In 1946, a bizarre cargo shipment stopped over at the Pan American Airlines headquarters in Miami. En route to Tierra del Fuego, the southern most tip of South America, fifty North American Beavers were temporarily housed in a walk-in refrigerator maintained by the airline. The door of the fridge, however, was made of wood.
This is oversight at its worst; Beavers in a prison made of wood.
Andrew Kato, producing artistic director for Maltz Jupiter Theatre, would never criticize another South Florida theater company, especially for following its artistic vision. The fact remains, however, that the theater he oversees -- which just nabbed 23 nominations in the Carbonell Awards -- is flourishing while other South Florida theaters have shuttered their doors.
Redistricting last year may have had a role in making it more difficult for PIN members to name their state legislators. Above, a map showing pre-redistricting Senate district boundaries (in red) and current Senate district boundaries (in black).
The state Legislature, perhaps more than Congress, passes laws that have a direct impact on the day-to-day life of a Floridian: how much you pay in sales tax, how much time you have to vote, how you obtain a gun.
Tallahassee is in our lives every day. It's only 480 miles away. And yet, for many in South Florida, it might as well be on another continent.
A scathing guest column that appeared Wednesday in the Orlando Sentinel says "severe budget cuts are seriously compromising the ability of Florida's Department of Environmental Protection and Legislature and water management districts to adequately protect our state's natural resources."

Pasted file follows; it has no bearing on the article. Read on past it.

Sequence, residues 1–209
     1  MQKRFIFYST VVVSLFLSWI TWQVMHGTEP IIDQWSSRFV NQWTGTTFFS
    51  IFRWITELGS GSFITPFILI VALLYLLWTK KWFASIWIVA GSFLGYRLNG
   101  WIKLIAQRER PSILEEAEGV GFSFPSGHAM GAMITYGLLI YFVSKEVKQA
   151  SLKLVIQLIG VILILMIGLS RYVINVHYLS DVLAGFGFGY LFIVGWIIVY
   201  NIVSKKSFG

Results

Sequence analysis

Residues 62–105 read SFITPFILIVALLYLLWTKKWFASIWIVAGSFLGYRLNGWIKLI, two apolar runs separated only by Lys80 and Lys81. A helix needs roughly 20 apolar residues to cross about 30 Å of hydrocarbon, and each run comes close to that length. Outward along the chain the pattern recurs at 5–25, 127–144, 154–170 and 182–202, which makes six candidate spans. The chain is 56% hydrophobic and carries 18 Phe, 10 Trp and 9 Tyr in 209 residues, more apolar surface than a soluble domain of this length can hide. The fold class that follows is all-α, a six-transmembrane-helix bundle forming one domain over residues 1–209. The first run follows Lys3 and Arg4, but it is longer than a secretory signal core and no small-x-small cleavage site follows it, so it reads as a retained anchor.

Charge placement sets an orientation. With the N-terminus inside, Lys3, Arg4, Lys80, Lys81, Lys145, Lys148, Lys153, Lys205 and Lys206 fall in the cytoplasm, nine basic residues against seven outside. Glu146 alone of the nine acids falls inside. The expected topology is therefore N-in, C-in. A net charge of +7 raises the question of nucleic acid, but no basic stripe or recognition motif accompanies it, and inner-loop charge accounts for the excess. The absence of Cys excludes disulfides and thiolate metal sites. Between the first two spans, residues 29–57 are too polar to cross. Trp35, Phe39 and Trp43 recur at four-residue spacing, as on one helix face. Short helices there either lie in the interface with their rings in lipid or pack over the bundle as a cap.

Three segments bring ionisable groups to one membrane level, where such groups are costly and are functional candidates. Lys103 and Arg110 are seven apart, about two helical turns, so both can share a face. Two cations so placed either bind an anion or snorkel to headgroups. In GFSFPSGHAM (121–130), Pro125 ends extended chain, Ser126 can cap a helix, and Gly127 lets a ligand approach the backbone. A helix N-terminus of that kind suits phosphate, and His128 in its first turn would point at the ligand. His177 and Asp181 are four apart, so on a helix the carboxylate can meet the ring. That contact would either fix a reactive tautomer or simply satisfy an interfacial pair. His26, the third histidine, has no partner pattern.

The toughest child abuse reporting law in the nation went into effect in Florida last October.
It used to be that only parents or caregivers suspected of abuse had to be reported.
Now, anyone who suspects a child is being abused or neglected is required to report it regardless of the suspect. Failure to do so could lead to a felony charge resulting in a five year prison sentence and a $5,000 fine.
A teddy bear of a cat stretches across a desk. His baseball-sized orange paws skim the keyboard as his purring body contorts into a position that exposes an expansive patch of striped belly. The tableau, which plays out in my home office on a near-daily basis, is a pleasant distraction from this week's reminder that my loyal companion is a natural born killer.
Understanding how water flows through Florida's aquifers is integral to maintaining a safe and sufficient supply of fresh water, but current computer models used to monitor the state's aquifers and springs are "full of holes," according to some critics.
When the late Tony Goldman first led the development charge through Wynwood's formerly industrial corridor, one of his defining ideas was the sponsoring of legal, large-scale street art. The original handful of murals he commissioned, by marquee names like Shepard Fairey, now stands preserved in a specific attraction that's practically an outdoor museum, the Wynwood Walls on NW Second Avenue and NW 25th Street.
The horrific killing of 20 schoolchildren in Newtown, Conn., revived the debate over gun control in the United States. President Barack Obama outlined his controversial proposal for gun control last Wednesday, including requiring criminal background checks for all gun sales, strengthening the ban on assault weapons, and limiting high-capacity ammunition magazines.
Understanding how water flows through Florida's aquifer is integral to maintaining safe and sufficient supply of fresh water, but current computer models used to monitor the state's aquifers and springs are "full of holes" according to some critics.
HEADED FOR THE BLACK LIST: The Latin American School of Medicine is the world's largest medical school. Republicans in the Florida Legislature want to make sure that American graduates of the Cuban school cannot get Florida medical licenses.